Brushtail possums (Trichosurus vulpecula) were offered Japanese quail (Coturnix japonica) eggs and day-old domestic chickens (Gallus gallus) during a captive feeding trial. Differences in feeding sign left by possums of differing sex, age class, and hunger were slight or absent. Possum feeding trial remains were also compared with remains of North Island robin (Petroica australis longipes) and North Island tomtit (Petroica macrocephala toitoi) eggs and chicks preyed on by ship rats (Rattus rattus) at videoed nests.
New Zealand's avifauna is characterised by a variety of endemic, often flightless, birds most of which are critically endangered. One of these, the takahe, is a large flightless rail which has been reduced to one population of 115 birds in its natural alpine habitat plus 52 others introduced on four small offshore islands. By contrast the takahe's closest extant relative, the pukeko, has been highly successful since its invasion of New Zealand within the past 800 years.
The distribution and abundance of lizards relative to habitat structure were studied at Pukerua Bay, Wellington between December 1982 and March 1988 in order to identify options for management of the habitat of the five species of lizards present. One species, Whitaker's skink (Cyclodina whitakeri), is a threatened species with only one known mainland population. Pitfall traps were set for 23 667 trap-days and yielded 2897 lizard captures. Highest capture rate was for common skinks (Oligosoma nigriplantare polychroma) and lowest rate was for C. whitakeri.
Dactylanthus taylorii, a root parasite in the family Balanophoraceae, is New Zealand's only fully parasitic flowering plant. It grows attached to the roots of a wide range of hardwood trees and shrubs, often in fire-induced secondary forest on the margin of podocarp-hardwood forest. It is inconstantly dioecious with a skewed sex ratio of approximately 5:1 male to female inflorescences. The inflorescences, especially the males, contain a large quantity of nectar, up to 1.6 mi, and can produce 0.5 mi per day for 10 days.
Biological and physical disturbance has had a severe impact on New Zealand's endemic flora and fauna. Along with the lessons of the past, predicting the sensitivity of communities to disturbance in the future may help direct more attention to those communities with a greater need for preservation (i.e., a lower ability to recover from any such disturbances). In theory it is possible to measure the resilience (or local stability) of a community by constructing a matrix to describe that community and then examining its eigenvalues.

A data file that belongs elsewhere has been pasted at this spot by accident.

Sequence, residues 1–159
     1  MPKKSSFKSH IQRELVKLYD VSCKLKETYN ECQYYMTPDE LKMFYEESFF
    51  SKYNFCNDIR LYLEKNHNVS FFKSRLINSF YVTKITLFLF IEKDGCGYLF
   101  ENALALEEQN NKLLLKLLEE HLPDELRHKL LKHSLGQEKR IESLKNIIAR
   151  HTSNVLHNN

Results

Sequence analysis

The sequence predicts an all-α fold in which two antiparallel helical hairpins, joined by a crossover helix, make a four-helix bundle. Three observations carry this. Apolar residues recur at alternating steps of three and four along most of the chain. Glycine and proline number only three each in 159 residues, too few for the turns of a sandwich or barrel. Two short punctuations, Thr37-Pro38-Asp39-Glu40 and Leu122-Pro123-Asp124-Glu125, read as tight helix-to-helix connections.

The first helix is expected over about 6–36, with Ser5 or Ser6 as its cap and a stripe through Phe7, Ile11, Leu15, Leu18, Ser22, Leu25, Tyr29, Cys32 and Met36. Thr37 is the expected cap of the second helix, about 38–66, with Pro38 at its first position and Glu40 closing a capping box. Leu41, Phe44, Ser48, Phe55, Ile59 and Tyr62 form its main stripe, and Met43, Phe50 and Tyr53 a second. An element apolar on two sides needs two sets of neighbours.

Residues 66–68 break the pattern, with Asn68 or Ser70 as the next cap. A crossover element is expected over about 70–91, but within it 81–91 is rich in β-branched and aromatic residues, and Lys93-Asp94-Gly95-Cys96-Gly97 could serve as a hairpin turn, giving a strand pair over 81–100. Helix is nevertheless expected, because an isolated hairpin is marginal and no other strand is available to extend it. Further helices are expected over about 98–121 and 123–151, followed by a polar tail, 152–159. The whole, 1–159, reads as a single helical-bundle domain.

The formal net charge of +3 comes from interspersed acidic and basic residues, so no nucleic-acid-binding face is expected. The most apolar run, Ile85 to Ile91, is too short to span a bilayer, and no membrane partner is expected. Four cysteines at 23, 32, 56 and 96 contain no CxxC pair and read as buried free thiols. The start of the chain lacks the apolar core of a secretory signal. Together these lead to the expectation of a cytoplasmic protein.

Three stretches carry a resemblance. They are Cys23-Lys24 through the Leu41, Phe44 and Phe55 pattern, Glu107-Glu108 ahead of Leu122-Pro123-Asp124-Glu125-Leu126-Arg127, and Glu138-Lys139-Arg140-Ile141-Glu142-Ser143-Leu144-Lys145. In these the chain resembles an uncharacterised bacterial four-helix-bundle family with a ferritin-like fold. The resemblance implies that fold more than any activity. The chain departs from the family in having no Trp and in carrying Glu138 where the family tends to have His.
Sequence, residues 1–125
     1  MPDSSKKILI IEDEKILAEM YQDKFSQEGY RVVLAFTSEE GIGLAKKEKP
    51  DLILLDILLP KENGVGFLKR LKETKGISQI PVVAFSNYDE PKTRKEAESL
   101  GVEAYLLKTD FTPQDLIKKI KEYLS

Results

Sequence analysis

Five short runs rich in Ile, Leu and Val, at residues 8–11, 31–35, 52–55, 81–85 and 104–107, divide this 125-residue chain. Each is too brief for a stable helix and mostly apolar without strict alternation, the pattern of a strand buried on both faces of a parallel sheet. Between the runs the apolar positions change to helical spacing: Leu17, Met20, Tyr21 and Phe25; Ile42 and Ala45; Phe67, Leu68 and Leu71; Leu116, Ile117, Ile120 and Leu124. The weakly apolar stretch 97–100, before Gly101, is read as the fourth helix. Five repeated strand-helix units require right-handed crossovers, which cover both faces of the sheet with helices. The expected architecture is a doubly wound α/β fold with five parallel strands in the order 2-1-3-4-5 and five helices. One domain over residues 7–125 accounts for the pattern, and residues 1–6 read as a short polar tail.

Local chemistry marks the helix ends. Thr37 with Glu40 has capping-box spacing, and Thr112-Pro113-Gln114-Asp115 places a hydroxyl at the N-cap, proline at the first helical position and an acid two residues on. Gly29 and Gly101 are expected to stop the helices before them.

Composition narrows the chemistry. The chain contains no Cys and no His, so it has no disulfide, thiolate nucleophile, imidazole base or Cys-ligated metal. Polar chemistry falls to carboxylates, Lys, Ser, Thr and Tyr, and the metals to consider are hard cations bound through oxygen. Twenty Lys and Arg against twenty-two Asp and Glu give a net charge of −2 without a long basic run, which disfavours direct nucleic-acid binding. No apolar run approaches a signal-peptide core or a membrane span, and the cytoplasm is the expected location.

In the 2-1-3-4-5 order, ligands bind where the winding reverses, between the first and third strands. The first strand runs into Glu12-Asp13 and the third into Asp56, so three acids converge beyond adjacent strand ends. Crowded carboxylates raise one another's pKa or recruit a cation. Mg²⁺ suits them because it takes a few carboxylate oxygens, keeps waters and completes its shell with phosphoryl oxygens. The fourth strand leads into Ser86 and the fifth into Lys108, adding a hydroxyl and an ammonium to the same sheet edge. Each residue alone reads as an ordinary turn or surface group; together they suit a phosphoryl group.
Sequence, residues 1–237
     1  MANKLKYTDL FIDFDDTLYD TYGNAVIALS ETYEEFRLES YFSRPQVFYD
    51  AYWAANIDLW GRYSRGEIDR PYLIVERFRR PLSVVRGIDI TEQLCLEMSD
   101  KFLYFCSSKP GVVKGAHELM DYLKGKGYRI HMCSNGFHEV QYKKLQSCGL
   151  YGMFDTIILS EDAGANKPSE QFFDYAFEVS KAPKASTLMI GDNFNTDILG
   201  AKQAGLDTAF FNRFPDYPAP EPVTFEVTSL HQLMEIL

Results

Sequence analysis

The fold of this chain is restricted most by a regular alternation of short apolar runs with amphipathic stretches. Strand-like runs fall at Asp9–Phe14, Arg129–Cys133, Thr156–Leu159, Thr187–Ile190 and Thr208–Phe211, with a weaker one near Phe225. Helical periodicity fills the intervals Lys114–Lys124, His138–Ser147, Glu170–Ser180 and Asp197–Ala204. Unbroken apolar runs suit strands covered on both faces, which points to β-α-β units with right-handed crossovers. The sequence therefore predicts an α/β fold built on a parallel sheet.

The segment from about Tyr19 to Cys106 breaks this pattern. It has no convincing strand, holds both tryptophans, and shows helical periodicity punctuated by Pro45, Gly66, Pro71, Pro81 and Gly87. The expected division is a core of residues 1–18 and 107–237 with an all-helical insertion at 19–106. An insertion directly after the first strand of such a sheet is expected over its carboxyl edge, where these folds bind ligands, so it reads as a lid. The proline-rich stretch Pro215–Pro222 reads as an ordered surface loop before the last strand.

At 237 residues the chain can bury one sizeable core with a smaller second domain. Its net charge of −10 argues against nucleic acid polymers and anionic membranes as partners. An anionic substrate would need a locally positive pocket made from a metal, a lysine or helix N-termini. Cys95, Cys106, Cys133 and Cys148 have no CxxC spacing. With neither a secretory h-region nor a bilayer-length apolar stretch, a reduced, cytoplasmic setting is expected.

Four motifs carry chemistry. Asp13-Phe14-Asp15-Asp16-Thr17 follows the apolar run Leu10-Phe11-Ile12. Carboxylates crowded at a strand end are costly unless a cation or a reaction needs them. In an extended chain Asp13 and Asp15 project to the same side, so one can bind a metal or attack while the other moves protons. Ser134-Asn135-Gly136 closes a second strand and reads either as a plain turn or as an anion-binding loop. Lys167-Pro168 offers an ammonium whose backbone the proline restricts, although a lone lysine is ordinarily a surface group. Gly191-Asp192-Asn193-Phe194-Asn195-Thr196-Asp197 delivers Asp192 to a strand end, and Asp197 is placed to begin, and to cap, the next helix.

The diets of feral pigs and feral goats shot on the main Auckland Island in 1989 are described from analyses of stomach and rumen contents. Feral goats ate at least 50 species of plants, but only three, Metrosideros umbellata, Chionochloa antarctica, and Durvillea antarctica made up over 50% by dried weight of the food eaten. Feral pigs ate a mixed plant and animal diet, of which plants made up 61% of the diet, with the megaherb Anisotome antipoda being the largest dietary item at 38% by dried weight.
The yellowhead, a forest-dwelling passerine endemic to the South Island of New Zealand, has declined in both abundance and range since the arrival of European settlers last century. In the last 30 years it has all but disappeared from the northern half of the South Island but remains widespread in the south. One possible explanation is that the yellowhead has declined in abundance throughout its range, disappearing from less suitable habitats in which it was never very abundant. To test this hypothesis a habitat suitability index was constructed and northern and southern forests compared.
Species-rich moth faunas at two sites in a montane tussock grassland at Cass show major declines in the abundance of many common species between 1961-63 and 1987-89, furthering a 50- to 70-year trend. The recent faunal record (202 species) is quantified by a 3-point light-trapping methodology based on independence of serial samples, minimised sample variability and a posteriori data standardisation. An historical record of vegetation change is also presented, pointing to a major decline in endemic herb species with the advances of an adventive grass, Agrostis capillaris.